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RISC-V and Linux Foundation partner up

Nov 27, 2018 — by Eric Brown — 969 views

The RISC-V Foundation and the Linux Foundation agreed to a collaboration to accelerate open source development for the open source RISC-V ISA, starting with RISC-V starter guides for Linux and Zephyr.

The RISC-V Foundation and the Linux Foundation announced a partnership to “accelerate open source development and adoption of the RISC-V ISA” and “grow the RISC-V ecosystem with improved support for the development of new applications and architectures across all computing platforms.” The Linux Foundation will advise RISC-V on “neutral governance and best practices for open source development” and provide resources for training programs, infrastructure tools, community outreach, and marketing and legal expertise.

One early collaboration between the nonprofit open source organizations is the joint development of “Getting Started” guides for running Linux and the LF’s open source Zephyr RTOS on RISC-V. The guides will be unveiled at the RISC-V Summit in Santa Clara, Calif. on Dec. 3 during training classes. The classes will be hosted by led by project contributors from RISC-V Foundation Founding Platinum Members Antmicro, Google, Microchip Technology, and Western Digital, in addition to the Linux Foundation.

HiFive Unleashed

The RISC-V Foundation can legitimately use the buzzwords that other technology projects often misapply, from disrupting the industry to going viral. The project has enjoyed 100 percent year-over-year membership growth, with some 210 members to date. RISC-V’s open source ISA catalog includes microcontroller designs for RTOSes like Zephyr that compete with Arm’s proprietary Cortex-M ISA (instruction set architecture), as well as Linux-friendly applications processor ISA that competes with Arm Cortex-A and x86 platforms.

The Linux efforts are let by SiFive and its Freedom U540 SoC, which powers its HiFive Unleashed SBC. SiFive recently announced new U74 and U74-MC core designs. Other Linux-ready RISC-V contenders include the India-based Shakti project.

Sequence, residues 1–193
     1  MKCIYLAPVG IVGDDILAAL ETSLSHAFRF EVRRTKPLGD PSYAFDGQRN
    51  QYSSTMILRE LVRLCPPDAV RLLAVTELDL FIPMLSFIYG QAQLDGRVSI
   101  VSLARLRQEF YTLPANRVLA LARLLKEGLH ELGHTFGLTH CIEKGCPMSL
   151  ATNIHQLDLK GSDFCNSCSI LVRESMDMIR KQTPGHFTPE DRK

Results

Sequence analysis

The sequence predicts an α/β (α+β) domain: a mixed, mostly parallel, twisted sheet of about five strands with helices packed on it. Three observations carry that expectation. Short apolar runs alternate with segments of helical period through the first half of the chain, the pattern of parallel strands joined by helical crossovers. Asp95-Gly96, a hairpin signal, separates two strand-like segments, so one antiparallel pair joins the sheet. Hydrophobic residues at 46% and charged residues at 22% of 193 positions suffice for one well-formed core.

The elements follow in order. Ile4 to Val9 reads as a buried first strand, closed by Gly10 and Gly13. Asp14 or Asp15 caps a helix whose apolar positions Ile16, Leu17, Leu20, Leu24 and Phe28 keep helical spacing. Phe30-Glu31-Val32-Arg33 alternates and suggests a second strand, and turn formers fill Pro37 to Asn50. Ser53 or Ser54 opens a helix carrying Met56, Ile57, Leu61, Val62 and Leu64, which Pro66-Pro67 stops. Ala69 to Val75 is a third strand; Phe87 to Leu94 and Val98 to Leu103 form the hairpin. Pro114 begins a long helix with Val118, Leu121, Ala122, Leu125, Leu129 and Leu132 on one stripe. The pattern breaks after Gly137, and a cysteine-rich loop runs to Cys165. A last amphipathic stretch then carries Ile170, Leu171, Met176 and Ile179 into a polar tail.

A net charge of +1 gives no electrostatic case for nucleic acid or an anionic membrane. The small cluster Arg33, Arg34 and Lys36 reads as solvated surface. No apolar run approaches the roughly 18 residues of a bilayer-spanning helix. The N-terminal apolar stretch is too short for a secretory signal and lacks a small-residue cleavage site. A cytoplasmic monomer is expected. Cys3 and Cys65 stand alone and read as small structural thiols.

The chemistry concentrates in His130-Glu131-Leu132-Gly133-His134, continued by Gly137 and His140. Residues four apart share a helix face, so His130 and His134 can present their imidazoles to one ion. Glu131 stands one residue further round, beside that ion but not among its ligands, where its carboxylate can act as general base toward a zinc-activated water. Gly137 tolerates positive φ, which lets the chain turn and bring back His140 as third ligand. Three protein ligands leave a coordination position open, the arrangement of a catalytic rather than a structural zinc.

As an organization that promotes Linux and open source projects, it’s not surprising that the Linux Foundation would collaborate with RISC-V. The foundation’s Linux kernel project worked quickly to add kernel support for RISC-V’s architecture, and now other Linux software projects from the LF’s Yocto Project to Fedora are accelerating RISC-V development. Zephyr was also early to jump on the RISC-V bandwagon.

While the early focus for RISC-V has been on embedded platforms, a quote from Jim Zemlin, executive director at the Linux Foundation suggests it’s going after the cloud and datacenter, as well. “RISC-V has great traction in a number of markets with applications for AI, machine learning, IoT, augmented reality, cloud, data centers, semiconductors, networking and more,” stated Zemlin. “RISC-V is a technology that has the potential to greatly advance open hardware architecture.”

Rick O’Connor, executive director of the RISC-V Foundation, had this to say: “This joint collaboration with the Linux Foundation will enable the RISC-V Foundation to offer more robust support and educational tools for the active RISC-V community, and enable operating systems, hardware implementations and development tools to scale faster.”

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